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Papers of the Week

2019 May

Medicine (Baltimore)



Does postoperative morphine consumption for acute surgical pain impact oncologic outcomes after colorectal cancer resection?: A retrospective cohort study.


Wu H-L, Tai Y-H, Chang W-K, Chang K-Y, Tsou M-Y, Cherng Y-G, Lin S-P
Medicine (Baltimore). 2019 May; 98(18):e15442.
PMID: 31045812.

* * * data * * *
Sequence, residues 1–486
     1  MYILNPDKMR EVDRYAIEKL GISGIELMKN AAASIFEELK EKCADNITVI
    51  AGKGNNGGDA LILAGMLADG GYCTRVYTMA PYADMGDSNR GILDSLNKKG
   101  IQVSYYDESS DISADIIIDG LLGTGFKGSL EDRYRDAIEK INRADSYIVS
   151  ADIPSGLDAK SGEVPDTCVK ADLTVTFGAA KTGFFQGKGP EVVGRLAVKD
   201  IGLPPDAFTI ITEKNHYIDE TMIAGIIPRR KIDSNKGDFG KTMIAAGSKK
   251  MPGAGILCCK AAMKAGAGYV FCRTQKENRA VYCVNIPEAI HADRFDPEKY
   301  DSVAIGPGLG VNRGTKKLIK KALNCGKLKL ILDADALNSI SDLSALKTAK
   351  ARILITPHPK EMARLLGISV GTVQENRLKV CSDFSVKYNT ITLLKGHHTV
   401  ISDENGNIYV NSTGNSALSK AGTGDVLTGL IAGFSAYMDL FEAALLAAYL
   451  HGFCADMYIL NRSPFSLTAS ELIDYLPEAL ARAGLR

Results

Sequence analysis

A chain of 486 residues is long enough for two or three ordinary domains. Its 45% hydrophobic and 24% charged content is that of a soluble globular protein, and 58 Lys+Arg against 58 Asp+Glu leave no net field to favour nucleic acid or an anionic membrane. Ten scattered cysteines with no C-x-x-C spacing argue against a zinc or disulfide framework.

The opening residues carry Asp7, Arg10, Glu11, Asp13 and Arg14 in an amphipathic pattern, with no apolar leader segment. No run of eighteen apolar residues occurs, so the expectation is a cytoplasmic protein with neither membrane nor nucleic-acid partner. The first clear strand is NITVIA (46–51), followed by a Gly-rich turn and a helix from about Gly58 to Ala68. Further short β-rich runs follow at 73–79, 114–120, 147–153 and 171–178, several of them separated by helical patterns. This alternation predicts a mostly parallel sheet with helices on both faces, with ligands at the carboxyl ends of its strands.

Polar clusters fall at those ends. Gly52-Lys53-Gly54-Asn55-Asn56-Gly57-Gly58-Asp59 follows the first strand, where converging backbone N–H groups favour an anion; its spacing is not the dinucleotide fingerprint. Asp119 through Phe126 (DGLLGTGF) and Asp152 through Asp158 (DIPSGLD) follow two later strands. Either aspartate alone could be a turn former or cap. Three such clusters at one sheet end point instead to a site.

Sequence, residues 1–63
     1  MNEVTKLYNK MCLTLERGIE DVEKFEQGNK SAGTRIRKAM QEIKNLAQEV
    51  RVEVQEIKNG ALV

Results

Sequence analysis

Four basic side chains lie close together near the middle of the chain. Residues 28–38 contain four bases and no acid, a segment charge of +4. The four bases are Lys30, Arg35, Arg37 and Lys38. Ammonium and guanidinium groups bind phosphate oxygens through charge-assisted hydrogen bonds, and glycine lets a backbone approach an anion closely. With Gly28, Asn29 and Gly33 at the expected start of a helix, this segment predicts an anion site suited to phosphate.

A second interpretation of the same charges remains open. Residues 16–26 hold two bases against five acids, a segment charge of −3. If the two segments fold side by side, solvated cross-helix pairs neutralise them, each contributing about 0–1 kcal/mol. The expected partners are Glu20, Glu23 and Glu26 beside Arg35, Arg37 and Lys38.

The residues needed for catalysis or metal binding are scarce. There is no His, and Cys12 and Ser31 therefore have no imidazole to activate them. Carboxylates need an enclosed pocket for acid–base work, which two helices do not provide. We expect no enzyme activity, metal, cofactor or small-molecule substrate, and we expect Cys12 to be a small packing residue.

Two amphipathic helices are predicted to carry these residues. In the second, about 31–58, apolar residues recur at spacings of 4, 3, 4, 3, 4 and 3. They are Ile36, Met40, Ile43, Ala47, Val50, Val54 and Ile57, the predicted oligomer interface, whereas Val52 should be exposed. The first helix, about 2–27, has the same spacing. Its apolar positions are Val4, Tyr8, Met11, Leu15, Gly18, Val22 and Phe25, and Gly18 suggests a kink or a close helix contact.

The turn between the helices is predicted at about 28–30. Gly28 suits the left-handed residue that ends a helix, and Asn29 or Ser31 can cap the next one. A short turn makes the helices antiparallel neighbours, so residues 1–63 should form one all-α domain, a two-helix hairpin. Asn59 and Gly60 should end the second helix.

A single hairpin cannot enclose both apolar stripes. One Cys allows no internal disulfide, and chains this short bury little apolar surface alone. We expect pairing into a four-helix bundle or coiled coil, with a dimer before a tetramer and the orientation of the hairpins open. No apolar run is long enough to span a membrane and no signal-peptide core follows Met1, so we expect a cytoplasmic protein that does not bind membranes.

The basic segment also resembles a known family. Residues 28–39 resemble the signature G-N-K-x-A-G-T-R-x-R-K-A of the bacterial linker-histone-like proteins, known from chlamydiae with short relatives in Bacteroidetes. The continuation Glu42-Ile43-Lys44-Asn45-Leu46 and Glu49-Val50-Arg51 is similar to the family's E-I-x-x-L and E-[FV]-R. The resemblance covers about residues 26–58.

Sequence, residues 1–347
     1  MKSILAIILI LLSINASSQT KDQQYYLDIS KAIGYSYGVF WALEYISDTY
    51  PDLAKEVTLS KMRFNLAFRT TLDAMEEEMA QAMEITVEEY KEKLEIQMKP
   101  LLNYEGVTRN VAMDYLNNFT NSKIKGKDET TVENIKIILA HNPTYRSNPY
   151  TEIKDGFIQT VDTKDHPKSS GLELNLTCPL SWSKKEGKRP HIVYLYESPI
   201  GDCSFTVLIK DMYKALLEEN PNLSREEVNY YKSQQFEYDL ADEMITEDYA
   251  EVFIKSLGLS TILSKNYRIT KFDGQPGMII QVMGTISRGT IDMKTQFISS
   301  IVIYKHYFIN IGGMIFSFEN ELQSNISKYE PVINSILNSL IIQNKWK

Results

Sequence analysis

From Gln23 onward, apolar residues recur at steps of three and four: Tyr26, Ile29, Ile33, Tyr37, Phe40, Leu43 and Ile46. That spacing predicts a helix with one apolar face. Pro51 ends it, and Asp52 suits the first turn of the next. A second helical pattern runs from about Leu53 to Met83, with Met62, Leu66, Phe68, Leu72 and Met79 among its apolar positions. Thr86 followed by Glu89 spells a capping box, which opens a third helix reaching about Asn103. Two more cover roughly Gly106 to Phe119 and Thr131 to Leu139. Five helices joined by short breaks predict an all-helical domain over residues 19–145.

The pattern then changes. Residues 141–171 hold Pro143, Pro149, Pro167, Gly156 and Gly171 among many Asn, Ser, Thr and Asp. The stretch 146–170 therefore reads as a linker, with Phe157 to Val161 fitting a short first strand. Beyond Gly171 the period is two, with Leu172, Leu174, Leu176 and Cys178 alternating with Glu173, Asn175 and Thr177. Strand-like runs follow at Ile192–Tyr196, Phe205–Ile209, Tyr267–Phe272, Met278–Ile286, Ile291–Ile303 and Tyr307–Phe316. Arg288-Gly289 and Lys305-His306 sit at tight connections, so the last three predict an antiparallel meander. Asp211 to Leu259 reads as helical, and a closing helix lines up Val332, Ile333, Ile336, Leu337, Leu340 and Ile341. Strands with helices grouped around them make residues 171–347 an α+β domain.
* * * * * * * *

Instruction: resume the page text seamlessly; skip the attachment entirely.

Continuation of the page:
Whether morphine used in human cancer surgery would exert tumor-promoting effects is unclear. This study aimed to investigate the effects of morphine dose on cancer prognosis after colorectal cancer (CRC) resection.In a retrospective study, 1248 patients with stage I through IV CRC undergoing primary tumor resections and using intravenous patient-controlled analgesia for acute surgical pain at a tertiary center between October 2005 and December 2014 were evaluated through August 2016. Progression-free survival (PFS) and overall survival (OS) were analyzed using proportional hazards regression models.Multivariable analysis demonstrated no dose-dependent association between the amount of morphine dose and PFS (adjusted hazard ratio, HR = 1.31, 95% confidence interval, CI = 0.85-2.03) or OS (adjusted HR = 0.86, 95% CI = 0.47-1.55). Patients were further classified into the high-dose and low-dose groups by the median of morphine consumption (49.7 mg), and the morphine doses were mean 75.5 ± standard deviation 28.8 mg and 30.1 ± 12.4 mg in high-dose and low-dose groups, respectively. Multivariable models showed no significant difference in PFS or OS between groups, either (adjusted HR = 1.24, 95% CI = 0.97-1.58 for PFS; adjusted HR = 1.01, 95% CI = 0.71-1.43 for OS).Our results did not support a definite association between postoperative morphine consumption and cancer progression or all-cause mortality in patients following CRC resection.